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2021 Flood Outlook: Mississippi River risk lower than past few years, snow a concern for smaller rivers

After seeing very elevated flood risks on our rivers over the past few years, this year brings better news - for the Mississippi at least.

The past few years have brought many concerns when it comes to river flooding, especially after a historical flood in 2019.

The National Weather Service released the first Flood Outlook for 2021 on Feb. 11. Fortunately, the Mississippi River isn't much concern at the moment! Our primary concerns this year lie with our smaller rivers, especially the Rock River. 

We were rather lucky with temperatures at the beginning of winter. December and January this season were fairly above average in temperatures. 

Combined with not seeing an excess amount of precipitation, this helped keep the depth of frozen ground shallow and soil moisture low. That means the ground can take on some water when we begin to thaw, a change from the past few years. In 2019 and 2020, we had very saturated grounds before we went into the spring seasons which was the main culprit of river flooding. 

This year, snow is going to be the kicker.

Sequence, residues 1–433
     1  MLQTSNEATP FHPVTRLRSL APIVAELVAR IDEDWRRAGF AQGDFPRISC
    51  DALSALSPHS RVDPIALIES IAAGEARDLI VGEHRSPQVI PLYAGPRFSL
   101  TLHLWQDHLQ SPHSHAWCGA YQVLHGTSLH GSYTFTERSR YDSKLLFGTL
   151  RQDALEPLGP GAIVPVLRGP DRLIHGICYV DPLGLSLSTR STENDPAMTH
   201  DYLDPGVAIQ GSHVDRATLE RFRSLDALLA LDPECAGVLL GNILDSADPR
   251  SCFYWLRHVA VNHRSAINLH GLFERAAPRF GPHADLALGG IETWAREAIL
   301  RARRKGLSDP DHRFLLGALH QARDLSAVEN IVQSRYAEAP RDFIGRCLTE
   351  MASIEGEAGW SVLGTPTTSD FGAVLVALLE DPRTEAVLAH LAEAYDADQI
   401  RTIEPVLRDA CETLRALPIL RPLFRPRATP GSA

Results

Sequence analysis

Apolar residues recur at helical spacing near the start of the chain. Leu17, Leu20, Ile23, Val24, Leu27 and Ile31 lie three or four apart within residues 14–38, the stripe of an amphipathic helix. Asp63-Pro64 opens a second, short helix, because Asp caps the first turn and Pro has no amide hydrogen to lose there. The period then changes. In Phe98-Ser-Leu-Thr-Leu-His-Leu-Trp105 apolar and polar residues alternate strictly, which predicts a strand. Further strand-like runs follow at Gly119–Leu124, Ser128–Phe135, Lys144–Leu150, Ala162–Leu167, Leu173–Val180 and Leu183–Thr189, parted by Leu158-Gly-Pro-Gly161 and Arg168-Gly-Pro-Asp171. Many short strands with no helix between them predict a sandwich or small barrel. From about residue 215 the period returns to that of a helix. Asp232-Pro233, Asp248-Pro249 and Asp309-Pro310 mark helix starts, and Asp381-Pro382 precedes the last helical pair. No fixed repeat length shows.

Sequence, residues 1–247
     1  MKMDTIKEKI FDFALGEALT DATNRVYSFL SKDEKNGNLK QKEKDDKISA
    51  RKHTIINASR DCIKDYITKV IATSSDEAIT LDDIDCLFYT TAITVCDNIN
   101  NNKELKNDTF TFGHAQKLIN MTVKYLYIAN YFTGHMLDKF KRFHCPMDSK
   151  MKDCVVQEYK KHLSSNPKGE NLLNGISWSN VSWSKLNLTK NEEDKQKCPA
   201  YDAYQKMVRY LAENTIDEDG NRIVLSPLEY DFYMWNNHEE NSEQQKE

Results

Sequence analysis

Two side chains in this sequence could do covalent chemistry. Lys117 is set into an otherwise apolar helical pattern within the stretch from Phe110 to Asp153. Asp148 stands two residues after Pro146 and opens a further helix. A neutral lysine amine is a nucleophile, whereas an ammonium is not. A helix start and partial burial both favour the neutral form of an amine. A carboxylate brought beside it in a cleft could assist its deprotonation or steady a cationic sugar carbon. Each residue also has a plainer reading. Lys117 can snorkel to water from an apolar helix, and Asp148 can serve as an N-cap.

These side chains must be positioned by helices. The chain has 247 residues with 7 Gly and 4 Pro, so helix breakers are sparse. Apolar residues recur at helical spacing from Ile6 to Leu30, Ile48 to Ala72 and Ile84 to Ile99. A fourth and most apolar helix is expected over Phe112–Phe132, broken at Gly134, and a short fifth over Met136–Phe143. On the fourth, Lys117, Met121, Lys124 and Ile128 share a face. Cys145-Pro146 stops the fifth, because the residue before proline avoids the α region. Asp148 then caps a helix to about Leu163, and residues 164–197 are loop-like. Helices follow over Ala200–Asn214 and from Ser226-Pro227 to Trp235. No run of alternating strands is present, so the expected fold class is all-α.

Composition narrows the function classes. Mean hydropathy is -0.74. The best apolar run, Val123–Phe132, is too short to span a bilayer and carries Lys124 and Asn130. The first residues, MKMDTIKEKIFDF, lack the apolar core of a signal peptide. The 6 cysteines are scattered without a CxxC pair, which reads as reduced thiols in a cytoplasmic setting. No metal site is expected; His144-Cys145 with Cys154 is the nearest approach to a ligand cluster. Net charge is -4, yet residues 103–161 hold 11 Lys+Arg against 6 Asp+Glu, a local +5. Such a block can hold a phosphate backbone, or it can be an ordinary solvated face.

Credit: WQAD
Snow Depth as of February 11th, 2021

We have gotten a lot of snow in the past month. Northeastern Iowa and northern Illinois have some of the deepest snow packs in the upper Midwest. Our current snow depth is about 12 to 16 inches deep. Along the Mississippi River near Minneapolis, has been much drier than us over the past few months so that is why we are not seeing an elevated flood risk on the Mississippi in the Quad Cities. An elevated flood risk actually lies south of the area because of where that heavy snow sits.

This also brings us to why the smaller rivers are the concern this year. The Rock River and the lower Wapsi are some of our local rivers that are at risk. 

Jessica Brooks is the Hydrologist at the National Weather Service in the Quad Cities who closely monitors river levels for our hometowns. 

“The Rock River watershed, for instance, is probably one of our higher risked rivers this spring because a lot of that watershed has a lot of snowpack," Brooks said. "If you go up into northern Illinois and Wisconsin, there’s snow in that entire watershed, so that one is one of our primary concerns."

The concern with the snow pack is there is a lot of liquid water being held in the snow.

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If the snow melts too fast, it will quickly runoff into those rivers. If we see the opposite, with a gradual melt, the ground will be able to help take on a lot of that water and we could get out of this year without seeing much flooding! 

The National Weather Service will release another flood outlook in two weeks. Right now, we are not expecting any major changes to the forecast with the terribly cold pattern we have been stuck in and no big snow storms on the horizon. 

The one problem that the arctic spell may cause down the road is breakout ice jams on the rivers. So far, we haven't seen many ice jams since we haven't gotten brutally cold until recently. 

That will be something to monitor when we start to see some warmer temperatures.

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